Book review: Selected Stories – Theodore Sturgeon

Book cover for Selected Stories by Theodore Sturgeon

I’m not afraid to admit that I’m a short story junkie. Between novels, I like to read a short story or two to break things up. The format is, well, different. It’s hard to explain, but a good short story captivates me. I enjoy how the characters are developed, and I really enjoy a short story with a strong plot twist. It’s especially satisfying when just enough is left unresolved that I get use to my imagination to complete the story.

I also find that short stories are a good way to explore different authors. If I like their short stories, then there’s a good chance I’ll enjoy their longer form writing too. That’s why I decided to read Selected Stories by Theodore Sturgeon. I had never heard or ready any of his works, so I figured it would be best to start with a collection of his short stories.

Theodore Sturgeon was a prolific writer with a career spanning almost 6 decades, starting in the late 1930s and lasting until his passing in the mid-eighties. During that time, he wrote well over a hundred short stories, 11 novels, and even a few Star Trek scripts. To be honest, I was surprised I hadn’t heard of him before.

Selected Stories is a collection of 12 of his short stories. As with any collection, there were some I enjoyed, some I found OK, and some that weren’t my cup of tea. Instead of reviewing each of the stories, I’m going to highlight the five I enjoyed the most.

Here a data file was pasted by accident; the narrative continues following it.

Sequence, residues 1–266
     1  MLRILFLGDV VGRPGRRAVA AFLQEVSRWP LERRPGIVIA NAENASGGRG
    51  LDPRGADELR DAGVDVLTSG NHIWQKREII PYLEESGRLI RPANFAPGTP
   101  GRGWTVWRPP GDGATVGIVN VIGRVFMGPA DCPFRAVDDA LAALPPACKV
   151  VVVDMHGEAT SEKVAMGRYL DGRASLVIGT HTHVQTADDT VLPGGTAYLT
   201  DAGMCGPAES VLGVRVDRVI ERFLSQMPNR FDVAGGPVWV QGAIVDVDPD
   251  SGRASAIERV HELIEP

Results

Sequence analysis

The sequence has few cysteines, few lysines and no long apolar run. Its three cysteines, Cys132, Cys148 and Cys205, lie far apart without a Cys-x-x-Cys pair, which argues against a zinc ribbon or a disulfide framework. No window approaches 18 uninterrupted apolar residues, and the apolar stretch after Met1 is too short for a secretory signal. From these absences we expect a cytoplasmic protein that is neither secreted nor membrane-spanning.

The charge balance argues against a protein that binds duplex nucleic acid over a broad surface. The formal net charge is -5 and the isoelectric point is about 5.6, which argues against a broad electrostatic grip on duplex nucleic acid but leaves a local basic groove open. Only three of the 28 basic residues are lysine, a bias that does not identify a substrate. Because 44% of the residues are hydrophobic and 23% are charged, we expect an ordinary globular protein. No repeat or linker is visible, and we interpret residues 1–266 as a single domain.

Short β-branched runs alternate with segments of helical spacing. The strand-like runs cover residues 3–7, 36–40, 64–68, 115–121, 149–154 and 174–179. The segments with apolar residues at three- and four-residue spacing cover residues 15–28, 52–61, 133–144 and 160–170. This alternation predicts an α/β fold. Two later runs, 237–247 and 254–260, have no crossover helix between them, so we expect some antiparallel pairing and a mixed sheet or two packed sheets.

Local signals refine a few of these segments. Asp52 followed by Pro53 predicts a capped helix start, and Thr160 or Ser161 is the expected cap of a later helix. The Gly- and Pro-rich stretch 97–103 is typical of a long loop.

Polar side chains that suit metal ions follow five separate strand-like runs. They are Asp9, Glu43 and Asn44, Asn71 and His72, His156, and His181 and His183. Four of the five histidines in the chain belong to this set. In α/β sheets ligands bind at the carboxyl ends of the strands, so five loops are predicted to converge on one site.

1. The Opposite Sex
    My favorite of the bunch, The Opposite Sex is a captivating story of how we discover those things that were right there in front of our face the whole time.
  2. Slow Sculpture
    A close second, and almost my favorite of the group. Slow Sculpture is a charming story of faith and love. I can see why it won both a Hugo and Nebula award.
  3. The Skills of Xanadu
    An interesting exploration of human nature, The Skills of Xanadu shows how those who seek unity and share knowledge triumph over those who try to amass and horde information for themselves.
  4. Mr Costello, Hero
    Written in 1953, Mr Costello, Hero, feels like it was written based on the events of the last 5-10 years by showing how easy it is to manipulate and pit people against each other.
  5. The [Widget], The [Wadget], and Boff
    This one was a little long for a short story. Sturgeon took his time developing the characters, but it was worth it. A bit similar to The Opposite Sex, it explores how what we want is often right there in front of us, if we’re willing to let go and allow things to be.

All of the other stories were well written, I just didn’t find them as engaging as the ones above. Still, if you’ve never heard of Theodore Sturgeon, Selected Stories is a great way to familiarize yourself with his work. For that reason alone, I’m going to put the book into my Fun Reads category. And while I’m not planning to explore more of Sturgeon’s works at this time, you may have a different opinion after finishing this collection.